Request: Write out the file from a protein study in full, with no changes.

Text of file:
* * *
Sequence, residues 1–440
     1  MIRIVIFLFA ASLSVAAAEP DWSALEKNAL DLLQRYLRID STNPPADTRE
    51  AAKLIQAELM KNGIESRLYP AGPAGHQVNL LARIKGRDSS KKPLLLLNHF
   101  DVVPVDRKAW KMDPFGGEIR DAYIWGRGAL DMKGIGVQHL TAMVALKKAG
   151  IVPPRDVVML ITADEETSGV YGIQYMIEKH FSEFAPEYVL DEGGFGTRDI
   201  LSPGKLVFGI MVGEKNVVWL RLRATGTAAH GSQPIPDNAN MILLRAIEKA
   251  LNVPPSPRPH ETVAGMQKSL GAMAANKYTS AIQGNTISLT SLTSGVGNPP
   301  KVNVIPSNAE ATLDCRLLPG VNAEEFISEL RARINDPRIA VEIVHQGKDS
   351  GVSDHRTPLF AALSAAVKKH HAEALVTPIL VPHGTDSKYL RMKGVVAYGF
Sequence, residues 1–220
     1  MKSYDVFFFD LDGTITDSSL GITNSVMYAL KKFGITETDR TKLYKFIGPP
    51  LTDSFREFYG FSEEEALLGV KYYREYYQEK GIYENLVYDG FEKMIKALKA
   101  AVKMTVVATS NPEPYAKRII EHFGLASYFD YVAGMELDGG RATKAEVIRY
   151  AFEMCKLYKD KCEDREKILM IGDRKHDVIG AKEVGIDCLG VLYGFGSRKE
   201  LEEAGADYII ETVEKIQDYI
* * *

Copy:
Sequence, residues 1–440
     1  MIRIVIFLFA ASLSVAAAEP DWSALEKNAL DLLQRYLRID STNPPADTRE
    51  AAKLIQAELM KNGIESRLYP AGPAGHQVNL LARIKGRDSS KKPLLLLNHF
   101  DVVPVDRKAW KMDPFGGEIR DAYIWGRGAL DMKGIGVQHL TAMVALKKAG
   151  IVPPRDVVML ITADEETSGV YGIQYMIEKH FSEFAPEYVL DEGGFGTRDI
   201  LSPGKLVFGI MVGEKNVVWL RLRATGTAAH GSQPIPDNAN MILLRAIEKA
   251  LNVPPSPRPH ETVAGMQKSL GAMAANKYTS AIQGNTISLT SLTSGVGNPP
   301  KVNVIPSNAE ATLDCRLLPG VNAEEFISEL RARINDPRIA VEIVHQGKDS
   351  GVSDHRTPLF AALSAAVKKH HAEALVTPIL VPHGTDSKYL RMKGVVAYGF
Sequence, residues 1–220
     1  MKSYDVFFFD LDGTITDSSL GITNSVMYAL KKFGITETDR TKLYKFIGPP
    51  LTDSFREFYG FSEEEALLGV KYYREYYQEK GIYENLVYDG FEKMIKALKA
   101  AVKMTVVATS NPEPYAKRII EHFGLASYFD YVAGMELDGG RATKAEVIRY
   151  AFEMCKLYKD KCEDREKILM IGDRKHDVIG AKEVGIDCLG VLYGFGSRKE
   201  LEEAGADYII ETVEKIQDYI